I decided to do two today since I have some extra time. The first is a classic. There is nothing else to say about it. It has been around since the 60's and its still read in schools today. I love this book. I still have the copy I was given in high school. Lessons learned still hold true today. I dont have the words to describe how truly wonderful this book so I chose to post a review from someone else.....Publishers Weekly
"Lee's beloved American classics makes its belated debut on audio (after briefly being available in the 1990s for the blind and libraries through Books on Tape) with the kind of classy packaging that may spoil listeners for all other audiobooks. The two CD slipcases housing the 11 discs not only feature art mirroring Mary Schuck's cover design but also offers helpful track listings for each disk. Many viewers of the 1962 movie adaptation believe that Lee was the film's narrator, but it was actually an unbilled Kim Stanley who read a mere six passages and left an indelible impression. Competing with Stanley's memory, Spacek forges her own path to a victorious reading. Spacek reads with a slight Southern lilt and quiet authority. Told entirely from the perspective of young Scout Finch, there's no need for Spacek to create individual voices for various characters but she still invests them all with emotion. Lee's Pulitzer Prize-winning 1960 novel, which quietly stands as one of the most powerful statements of the Civil Rights movement, has been superbly brought to audio." Available as a Perennial paperback. (Aug.) Copyright 2006 Reed Business Information.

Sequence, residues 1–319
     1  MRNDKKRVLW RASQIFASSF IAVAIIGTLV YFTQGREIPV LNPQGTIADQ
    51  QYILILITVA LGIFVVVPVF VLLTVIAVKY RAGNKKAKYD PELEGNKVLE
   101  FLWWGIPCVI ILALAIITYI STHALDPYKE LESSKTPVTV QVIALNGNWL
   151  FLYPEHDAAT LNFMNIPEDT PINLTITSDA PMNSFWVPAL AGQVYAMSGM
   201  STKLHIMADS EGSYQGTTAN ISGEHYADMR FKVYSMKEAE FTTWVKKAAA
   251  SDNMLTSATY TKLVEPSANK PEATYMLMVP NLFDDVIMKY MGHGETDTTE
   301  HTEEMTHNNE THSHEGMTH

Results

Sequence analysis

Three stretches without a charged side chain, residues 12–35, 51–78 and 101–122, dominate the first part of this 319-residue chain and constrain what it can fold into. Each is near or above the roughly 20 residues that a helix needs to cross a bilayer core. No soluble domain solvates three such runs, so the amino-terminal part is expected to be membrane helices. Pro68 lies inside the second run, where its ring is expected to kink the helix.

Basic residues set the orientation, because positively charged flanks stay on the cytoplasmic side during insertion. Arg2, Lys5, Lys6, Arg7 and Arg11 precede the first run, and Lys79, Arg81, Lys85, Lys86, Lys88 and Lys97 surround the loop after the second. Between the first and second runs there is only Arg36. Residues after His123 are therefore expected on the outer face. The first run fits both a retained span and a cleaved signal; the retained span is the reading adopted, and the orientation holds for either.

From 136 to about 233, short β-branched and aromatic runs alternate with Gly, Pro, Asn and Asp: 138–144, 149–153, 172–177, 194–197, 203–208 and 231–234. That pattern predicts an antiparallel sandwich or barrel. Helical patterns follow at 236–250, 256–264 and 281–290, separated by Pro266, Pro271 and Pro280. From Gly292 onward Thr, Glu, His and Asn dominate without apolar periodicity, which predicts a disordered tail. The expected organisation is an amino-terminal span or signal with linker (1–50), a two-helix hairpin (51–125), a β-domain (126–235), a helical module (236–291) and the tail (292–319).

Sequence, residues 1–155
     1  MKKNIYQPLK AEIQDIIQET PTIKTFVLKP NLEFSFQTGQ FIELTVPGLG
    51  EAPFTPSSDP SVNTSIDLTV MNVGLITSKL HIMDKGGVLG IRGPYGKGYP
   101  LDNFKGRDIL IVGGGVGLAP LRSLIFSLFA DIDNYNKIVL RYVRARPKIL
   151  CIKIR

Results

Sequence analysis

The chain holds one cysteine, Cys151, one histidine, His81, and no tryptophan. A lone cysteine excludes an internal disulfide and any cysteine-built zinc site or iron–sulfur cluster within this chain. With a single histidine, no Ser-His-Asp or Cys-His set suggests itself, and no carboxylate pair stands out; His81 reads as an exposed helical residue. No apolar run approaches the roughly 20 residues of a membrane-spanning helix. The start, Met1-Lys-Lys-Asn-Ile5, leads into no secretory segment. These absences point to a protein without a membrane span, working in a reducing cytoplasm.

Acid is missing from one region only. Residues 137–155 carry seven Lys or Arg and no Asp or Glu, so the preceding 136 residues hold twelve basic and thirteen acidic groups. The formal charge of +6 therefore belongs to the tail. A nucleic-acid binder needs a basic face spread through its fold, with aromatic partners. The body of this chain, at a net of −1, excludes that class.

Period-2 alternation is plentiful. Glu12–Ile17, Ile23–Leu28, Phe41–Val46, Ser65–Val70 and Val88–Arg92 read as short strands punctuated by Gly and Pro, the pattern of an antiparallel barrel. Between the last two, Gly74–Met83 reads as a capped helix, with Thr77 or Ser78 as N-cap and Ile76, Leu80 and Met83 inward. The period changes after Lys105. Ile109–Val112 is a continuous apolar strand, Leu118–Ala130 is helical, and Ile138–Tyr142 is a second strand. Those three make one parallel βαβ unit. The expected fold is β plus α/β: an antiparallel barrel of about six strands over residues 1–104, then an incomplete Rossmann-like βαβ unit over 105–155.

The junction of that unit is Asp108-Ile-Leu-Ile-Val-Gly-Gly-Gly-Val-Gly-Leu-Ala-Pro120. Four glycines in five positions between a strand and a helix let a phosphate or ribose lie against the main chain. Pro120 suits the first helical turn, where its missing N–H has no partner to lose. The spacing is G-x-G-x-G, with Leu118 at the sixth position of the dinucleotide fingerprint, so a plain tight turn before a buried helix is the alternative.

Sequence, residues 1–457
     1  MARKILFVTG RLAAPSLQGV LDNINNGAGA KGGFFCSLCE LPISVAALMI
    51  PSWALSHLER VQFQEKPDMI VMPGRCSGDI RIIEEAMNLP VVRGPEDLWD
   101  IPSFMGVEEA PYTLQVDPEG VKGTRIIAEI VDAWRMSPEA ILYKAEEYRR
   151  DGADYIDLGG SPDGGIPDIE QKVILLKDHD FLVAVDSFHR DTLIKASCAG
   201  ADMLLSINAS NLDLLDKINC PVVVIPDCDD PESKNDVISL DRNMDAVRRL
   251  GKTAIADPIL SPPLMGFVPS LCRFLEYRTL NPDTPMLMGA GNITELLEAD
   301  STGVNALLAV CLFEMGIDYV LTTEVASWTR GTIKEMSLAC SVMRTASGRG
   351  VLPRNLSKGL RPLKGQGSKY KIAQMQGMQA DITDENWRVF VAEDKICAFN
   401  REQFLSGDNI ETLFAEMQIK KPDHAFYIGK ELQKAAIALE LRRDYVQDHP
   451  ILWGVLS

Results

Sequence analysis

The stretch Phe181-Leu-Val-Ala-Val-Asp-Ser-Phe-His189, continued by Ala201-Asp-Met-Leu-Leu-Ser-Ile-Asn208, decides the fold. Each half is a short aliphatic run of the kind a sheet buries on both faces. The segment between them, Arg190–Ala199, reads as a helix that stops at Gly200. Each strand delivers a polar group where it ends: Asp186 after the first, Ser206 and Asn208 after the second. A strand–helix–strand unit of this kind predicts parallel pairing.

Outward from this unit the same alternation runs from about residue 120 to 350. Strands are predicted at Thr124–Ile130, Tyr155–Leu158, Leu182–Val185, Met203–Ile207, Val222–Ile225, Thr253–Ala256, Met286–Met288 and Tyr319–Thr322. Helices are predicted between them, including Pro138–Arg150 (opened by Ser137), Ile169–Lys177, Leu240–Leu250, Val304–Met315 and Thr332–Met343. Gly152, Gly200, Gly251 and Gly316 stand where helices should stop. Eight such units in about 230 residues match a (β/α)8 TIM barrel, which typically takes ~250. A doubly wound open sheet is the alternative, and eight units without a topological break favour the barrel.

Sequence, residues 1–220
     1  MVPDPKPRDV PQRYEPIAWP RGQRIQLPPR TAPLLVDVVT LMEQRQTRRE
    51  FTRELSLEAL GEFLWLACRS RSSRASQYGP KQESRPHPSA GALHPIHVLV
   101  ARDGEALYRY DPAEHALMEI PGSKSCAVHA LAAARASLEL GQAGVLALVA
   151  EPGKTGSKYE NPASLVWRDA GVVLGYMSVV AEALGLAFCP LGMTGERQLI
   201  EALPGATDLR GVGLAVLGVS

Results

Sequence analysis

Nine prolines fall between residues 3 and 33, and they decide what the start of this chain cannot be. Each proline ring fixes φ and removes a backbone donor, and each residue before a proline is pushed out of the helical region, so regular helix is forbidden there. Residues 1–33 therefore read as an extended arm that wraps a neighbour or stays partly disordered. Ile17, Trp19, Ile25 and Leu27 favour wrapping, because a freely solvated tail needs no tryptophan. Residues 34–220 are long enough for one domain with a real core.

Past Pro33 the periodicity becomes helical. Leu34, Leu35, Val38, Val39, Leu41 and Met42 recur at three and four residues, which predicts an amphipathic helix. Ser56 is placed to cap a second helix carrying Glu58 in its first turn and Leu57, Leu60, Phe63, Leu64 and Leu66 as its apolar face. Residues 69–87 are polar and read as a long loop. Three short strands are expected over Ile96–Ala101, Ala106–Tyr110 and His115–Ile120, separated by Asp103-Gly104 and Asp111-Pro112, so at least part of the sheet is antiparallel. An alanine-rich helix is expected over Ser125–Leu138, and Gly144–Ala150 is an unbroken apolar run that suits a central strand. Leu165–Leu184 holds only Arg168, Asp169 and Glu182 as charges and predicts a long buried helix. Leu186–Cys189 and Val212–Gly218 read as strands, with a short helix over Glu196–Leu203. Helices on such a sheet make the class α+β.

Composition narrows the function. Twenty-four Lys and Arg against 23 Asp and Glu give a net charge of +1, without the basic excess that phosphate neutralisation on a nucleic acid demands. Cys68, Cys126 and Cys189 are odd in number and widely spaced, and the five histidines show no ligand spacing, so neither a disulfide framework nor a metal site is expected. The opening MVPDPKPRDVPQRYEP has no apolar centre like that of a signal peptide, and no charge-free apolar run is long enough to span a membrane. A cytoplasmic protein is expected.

So this book is just awesome. Heartwrenching just doesn't describe it. Its been years since I've read it but I still remember details. How it broke my heart when Leslie died. And how my heart hurt for Jess. This is just a wonderful book and why its on a banned book list is beyond me.......Publishers Weekly
"Paterson's Newbery-winning novel becomes an entertaining and dramatic audiobook via Leonard's accomplished reading. Jess Aarons is eager to start fifth grade. He's been practicing his sprints all summer, determined to become the fastest runner at school. All seems to be on track, until the new girl in class (who also happens to be Jess's new next-door neighbor), Leslie Burke, leaves all the boys in the dust, including Jess. After this rather frustrating introduction, Jess and Leslie soon become inseparable. Together, they create an imaginary, secret kingdom in the woods called Terabithia that can be reached only by swinging across a creek bed on a rope. But one morning a tragic accident befalls Leslie as she ventures alone to Terabithia, and Jess's life is changed forever. Leonard deftly interprets the strands of humor, realism and heart-wrenching emotion woven into Paterson's fine tale. His careful and authentic handling of Jess's anger and grief in the aftermath of the accident is sure to touch listeners. Contemporary instrumental interludes featuring guitar, piano and drums signal the beginning and end of each tape side." Ages 9-up. (Jan.) Copyright 2001 Cahners Business Information